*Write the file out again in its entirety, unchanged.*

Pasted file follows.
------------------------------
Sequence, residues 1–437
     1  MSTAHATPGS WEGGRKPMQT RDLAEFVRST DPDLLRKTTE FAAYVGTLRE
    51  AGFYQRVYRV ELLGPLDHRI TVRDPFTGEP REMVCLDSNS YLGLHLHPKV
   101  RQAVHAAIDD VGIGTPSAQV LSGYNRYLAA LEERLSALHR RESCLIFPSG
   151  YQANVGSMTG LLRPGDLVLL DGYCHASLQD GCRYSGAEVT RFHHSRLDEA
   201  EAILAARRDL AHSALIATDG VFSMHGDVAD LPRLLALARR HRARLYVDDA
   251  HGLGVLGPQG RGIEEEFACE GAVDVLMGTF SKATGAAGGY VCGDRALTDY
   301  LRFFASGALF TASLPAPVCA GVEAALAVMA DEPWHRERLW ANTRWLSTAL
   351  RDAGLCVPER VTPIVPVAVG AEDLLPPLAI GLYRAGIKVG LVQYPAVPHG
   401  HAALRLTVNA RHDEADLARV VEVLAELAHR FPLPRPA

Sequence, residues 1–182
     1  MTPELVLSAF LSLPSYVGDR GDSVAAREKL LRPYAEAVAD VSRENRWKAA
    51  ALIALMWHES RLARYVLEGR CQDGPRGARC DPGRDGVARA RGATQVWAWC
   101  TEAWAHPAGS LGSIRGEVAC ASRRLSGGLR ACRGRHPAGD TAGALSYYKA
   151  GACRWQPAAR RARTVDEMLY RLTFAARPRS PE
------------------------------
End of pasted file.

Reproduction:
Sequence, residues 1–437
     1  MSTAHATPGS WEGGRKPMQT RDLAEFVRST DPDLLRKTTE FAAYVGTLRE
    51  AGFYQRVYRV ELLGPLDHRI TVRDPFTGEP REMVCLDSNS YLGLHLHPKV
   101  RQAVHAAIDD VGIGTPSAQV LSGYNRYLAA LEERLSALHR RESCLIFPSG
   151  YQANVGSMTG LLRPGDLVLL DGYCHASLQD GCRYSGAEVT RFHHSRLDEA
   201  EAILAARRDL AHSALIATDG VFSMHGDVAD LPRLLALARR HRARLYVDDA
   251  HGLGVLGPQG RGIEEEFACE GAVDVLMGTF SKATGAAGGY VCGDRALTDY
   301  LRFFASGALF TASLPAPVCA GVEAALAVMA DEPWHRERLW ANTRWLSTAL
   351  RDAGLCVPER VTPIVPVAVG AEDLLPPLAI GLYRAGIKVG LVQYPAVPHG
   401  HAALRLTVNA RHDEADLARV VEVLAELAHR FPLPRPA

Sequence, residues 1–182
     1  MTPELVLSAF LSLPSYVGDR GDSVAAREKL LRPYAEAVAD VSRENRWKAA
    51  ALIALMWHES RLARYVLEGR CQDGPRGARC DPGRDGVARA RGATQVWAWC
   101  TEAWAHPAGS LGSIRGEVAC ASRRLSGGLR ACRGRHPAGD TAGALSYYKA
   151  GACRWQPAAR RARTVDEMLY RLTFAARPRS PE